“Sometimes, I sit alone under the stars
and think of the galaxies inside my
heart, and truly wonder if anyone will
ever want to make sense of all that
I am.” -Testy McTesterson
The largest galaxies in the Universe all have a few things in common: they all contain many trillions of stars, they all contain many times their stellar mass in the form of dark matter, and they're all found towards the centers of great galactic clusters.
Oh, and one more thing: none of them are spiral galaxies! Why are the largest spiral galaxies in the Universe only a few times the size of our Milky Way, but the largest galaxies overall are hundreds or even a thousand times as big as our home galaxy?
What do you think of the recent rocket based observations, which purport that the extended halos of galaxies are putting out about as much light as the central regions? If there really are a similar amount of stars that we've missed in the halos, what does this do to the ratio of dark matter to baryonic matter?
The animation was interesting, but I wonder if it's incomplete. The animation shows the galactic core rotating quite a bit faster than its outer regions. Vera Rubin's work illustrated that observations of galactic rotation did not, in fact, agree with predictions based solely on visible matter distribution, leading to the prediction of dark matter. If this simulation doesn't take dark matter into account, I wonder how its demonstration of galactic evolution would differ.
' The animation shows the galactic core rotating quite a bit faster than its outer regions.'
The core and outer regions are probably traveling at the same velocity which gives this view. Consider the outer diameter has a larger distance to traverse compared to the inner diameters as you progress toward the centre of the object.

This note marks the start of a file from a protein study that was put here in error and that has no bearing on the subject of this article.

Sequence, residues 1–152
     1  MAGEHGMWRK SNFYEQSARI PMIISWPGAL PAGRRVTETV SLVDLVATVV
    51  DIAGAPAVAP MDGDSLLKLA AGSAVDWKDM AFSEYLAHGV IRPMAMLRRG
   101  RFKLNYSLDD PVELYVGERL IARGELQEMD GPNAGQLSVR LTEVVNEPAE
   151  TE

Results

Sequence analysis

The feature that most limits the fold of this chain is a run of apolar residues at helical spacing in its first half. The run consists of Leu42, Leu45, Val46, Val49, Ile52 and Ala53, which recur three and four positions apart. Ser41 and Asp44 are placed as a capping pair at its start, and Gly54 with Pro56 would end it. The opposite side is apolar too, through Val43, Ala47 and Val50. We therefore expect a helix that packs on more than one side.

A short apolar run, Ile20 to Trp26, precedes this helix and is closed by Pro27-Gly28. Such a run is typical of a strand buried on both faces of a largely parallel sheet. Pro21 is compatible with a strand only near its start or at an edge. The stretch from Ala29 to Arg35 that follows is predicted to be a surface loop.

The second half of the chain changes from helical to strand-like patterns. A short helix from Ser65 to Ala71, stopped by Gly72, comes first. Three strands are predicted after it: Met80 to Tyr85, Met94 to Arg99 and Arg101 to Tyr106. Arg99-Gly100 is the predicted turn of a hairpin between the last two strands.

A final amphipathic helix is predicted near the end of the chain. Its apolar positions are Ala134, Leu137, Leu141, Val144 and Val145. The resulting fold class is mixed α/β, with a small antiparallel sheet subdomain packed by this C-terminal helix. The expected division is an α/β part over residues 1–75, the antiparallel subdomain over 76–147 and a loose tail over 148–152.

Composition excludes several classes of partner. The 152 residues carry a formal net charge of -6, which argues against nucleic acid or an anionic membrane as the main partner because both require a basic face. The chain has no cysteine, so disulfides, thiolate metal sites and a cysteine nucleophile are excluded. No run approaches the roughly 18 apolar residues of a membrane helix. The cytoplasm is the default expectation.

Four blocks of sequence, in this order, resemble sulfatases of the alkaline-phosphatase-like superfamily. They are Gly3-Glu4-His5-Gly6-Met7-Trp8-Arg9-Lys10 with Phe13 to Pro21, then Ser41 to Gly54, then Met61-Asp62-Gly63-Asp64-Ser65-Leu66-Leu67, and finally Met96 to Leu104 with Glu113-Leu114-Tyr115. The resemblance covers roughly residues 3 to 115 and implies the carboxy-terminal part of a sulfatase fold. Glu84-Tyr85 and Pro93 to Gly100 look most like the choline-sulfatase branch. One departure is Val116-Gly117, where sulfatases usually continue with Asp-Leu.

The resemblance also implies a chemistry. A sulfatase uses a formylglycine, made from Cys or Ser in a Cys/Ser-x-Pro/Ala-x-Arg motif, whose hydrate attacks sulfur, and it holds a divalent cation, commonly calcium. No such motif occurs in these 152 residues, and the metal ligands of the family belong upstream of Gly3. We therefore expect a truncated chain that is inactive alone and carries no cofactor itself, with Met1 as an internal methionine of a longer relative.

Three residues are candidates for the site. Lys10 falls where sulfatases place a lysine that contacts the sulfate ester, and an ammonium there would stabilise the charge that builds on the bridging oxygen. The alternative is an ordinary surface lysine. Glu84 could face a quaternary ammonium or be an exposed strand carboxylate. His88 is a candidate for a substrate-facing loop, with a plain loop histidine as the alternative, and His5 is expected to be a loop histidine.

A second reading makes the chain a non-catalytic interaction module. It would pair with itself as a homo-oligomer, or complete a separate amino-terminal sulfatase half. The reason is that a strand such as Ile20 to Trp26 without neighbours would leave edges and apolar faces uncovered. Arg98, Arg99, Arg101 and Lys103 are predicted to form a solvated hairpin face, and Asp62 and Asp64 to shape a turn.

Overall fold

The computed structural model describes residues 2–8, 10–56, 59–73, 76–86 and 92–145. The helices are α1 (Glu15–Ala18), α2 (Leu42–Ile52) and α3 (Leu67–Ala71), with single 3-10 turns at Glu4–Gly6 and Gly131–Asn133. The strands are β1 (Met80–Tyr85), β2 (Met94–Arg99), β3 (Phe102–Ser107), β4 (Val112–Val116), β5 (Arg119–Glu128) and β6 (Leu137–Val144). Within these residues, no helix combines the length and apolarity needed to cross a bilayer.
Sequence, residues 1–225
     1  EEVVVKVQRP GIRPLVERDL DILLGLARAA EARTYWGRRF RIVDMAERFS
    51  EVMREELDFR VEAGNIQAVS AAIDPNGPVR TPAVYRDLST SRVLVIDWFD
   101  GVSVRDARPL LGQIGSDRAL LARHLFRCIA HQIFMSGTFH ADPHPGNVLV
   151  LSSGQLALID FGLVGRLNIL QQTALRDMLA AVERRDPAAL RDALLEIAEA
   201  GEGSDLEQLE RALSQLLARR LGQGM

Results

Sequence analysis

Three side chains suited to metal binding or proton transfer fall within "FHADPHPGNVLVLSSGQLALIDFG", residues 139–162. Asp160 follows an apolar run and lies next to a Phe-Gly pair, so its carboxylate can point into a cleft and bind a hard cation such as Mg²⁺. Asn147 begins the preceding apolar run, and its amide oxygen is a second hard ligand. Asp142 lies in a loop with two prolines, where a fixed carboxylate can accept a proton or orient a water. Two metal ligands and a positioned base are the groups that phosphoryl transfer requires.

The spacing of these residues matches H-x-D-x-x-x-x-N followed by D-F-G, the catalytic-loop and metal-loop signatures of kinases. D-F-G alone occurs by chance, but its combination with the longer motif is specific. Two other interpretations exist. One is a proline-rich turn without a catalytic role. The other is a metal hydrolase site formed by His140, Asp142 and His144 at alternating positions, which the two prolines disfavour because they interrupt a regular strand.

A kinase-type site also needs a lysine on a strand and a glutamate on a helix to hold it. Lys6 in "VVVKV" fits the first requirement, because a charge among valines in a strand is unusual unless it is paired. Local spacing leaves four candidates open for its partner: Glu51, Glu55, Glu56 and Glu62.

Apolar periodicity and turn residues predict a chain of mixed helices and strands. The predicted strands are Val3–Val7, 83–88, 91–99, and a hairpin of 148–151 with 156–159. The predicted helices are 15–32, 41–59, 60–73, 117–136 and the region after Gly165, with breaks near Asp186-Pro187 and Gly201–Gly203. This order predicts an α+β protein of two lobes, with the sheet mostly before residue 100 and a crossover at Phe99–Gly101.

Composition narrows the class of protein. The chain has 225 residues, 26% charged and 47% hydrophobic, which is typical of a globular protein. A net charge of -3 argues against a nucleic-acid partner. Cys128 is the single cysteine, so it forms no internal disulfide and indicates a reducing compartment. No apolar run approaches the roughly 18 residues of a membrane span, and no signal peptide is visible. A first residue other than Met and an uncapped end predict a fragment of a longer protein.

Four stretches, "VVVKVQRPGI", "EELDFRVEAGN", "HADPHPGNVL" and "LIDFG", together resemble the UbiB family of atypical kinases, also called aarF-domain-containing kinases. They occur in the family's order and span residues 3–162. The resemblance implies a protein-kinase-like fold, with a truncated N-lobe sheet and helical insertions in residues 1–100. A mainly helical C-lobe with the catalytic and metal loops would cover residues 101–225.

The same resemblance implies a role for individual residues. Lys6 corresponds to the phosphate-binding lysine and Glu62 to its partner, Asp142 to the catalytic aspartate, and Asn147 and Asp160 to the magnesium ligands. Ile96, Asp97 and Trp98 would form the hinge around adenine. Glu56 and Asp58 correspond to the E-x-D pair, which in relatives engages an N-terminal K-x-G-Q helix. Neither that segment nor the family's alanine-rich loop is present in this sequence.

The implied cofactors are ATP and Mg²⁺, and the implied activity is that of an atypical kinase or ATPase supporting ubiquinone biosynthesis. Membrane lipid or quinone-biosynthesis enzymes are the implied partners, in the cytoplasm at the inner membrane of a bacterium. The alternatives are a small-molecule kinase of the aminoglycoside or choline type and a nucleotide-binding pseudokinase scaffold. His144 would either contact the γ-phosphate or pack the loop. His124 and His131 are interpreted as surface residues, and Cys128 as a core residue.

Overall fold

Sorry for layman's guess.
I think that the type of galaxy depends on the total angular momentum of the galaxy (or some relation of the total angular momentum to the total mass). Spiral galaxies with (almost) all stars orbiting in the same direction have huge orbital momentum while elliptical galaxies with random star orbits have angular momentum close to zero. Whether galaxy merge results in elliptical or spiral galaxy depends on the angular momentum after the merge. A few month ago models of galaxy merge showed that merge of elliptical galaxies may result in spiral galaxy (and this may explain higher than expected number of spiral galaxies in the early Universe).
In addition, some astronomer (sorry, I do not remember the name) predicted that even elliptical galaxies shall have faint spiral arms and he verified it at one (and only) galaxy he studied. So may be elliptical galaxies are just galaxy bulges of giant but very dim spiral galaxies.
Ethan -- Thanks! I figured intuitively that since ellipticals tend to be the gargantuans, this suggests an evolutionary process, with spirals as the progenitors. This suggests that 'spiralness' is an early to intermediate evolutionary phase and that galactic 'style' has a strong direction which disfavors spirals and ultimately favors ellipticals over time. More important, there seems to be no mechanism to turn an elliptical back into a spiral, or a number of spirals. It seems to be a one-way street.
I like the subject of galactic evolution because it helps reduce the number of null hypotheses on the evolution of the Universe itself. The evidence shows a clear evolution from spiral ---> elliptical. The opposite process never happens: elliptical ---> spiral. Or larger galaxy -----> smaller fragment galaxies. Galactic evolution appears to be purely combinatory: galaxies combine and get bigger over time but never split apart and separate and fragment.